job. we've always understood this had to come from trump and what we believed and what i believe is that the reason why the white house is preventing people like rudy giuliani and mick mulvaney for testifying before congress is because those are the people that were getting the orders from trump. now we know that sondland was getting these orders as well and was potentially having multiple conversations with the president. and so you have this window into trump's decision making and the orders that he was convaing to his team but it's only a partial window because everybody else executing on the president's orders are being prevented illegally for testifying before the people inquiry. >> and sondland, his friend, tells holmes and the others oh, yeah, the president doesn't care about ukraine except for the investigations, not the best thing he could have said to try to protect his friend, the president. now we have more breaking news. let's go back to phil mattingly. now we also have an understanding of what another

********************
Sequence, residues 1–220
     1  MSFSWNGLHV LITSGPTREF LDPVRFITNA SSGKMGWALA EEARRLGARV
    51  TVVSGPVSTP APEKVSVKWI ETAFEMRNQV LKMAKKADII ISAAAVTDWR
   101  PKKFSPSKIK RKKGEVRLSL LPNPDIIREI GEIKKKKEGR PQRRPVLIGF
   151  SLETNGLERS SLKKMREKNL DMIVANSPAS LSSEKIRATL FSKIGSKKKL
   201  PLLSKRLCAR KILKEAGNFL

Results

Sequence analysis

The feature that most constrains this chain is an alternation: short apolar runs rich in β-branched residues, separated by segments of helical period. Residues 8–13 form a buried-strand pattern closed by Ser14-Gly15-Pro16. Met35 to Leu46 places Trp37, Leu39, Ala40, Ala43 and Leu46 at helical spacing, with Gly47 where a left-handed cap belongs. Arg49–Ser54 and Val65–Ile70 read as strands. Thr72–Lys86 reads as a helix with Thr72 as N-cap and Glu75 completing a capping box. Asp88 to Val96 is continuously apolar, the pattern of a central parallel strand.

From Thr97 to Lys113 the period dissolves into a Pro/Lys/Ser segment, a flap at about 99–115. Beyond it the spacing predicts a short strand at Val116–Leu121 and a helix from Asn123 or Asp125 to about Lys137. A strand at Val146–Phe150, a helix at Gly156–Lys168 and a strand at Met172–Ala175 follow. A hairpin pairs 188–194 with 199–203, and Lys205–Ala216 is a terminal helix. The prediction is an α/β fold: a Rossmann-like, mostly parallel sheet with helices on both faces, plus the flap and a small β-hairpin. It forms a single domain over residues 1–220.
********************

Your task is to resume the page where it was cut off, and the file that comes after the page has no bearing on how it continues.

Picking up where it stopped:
big witness, who the republicans wanted because they think it will help their case. this is a man named hale, ha h-a-l-e -- who works and there are too many names and too many of you tell me you're too confused. hale works for pompeo, has information about pompeo. what do you know, phil mattingly? >> he's undersecretary for political affairs. one of the biggest questions last week was why didn't secretary of state pompeo do anything about it. mike pompeo not only spoke to rudy giuliani twice during the time frame that the smear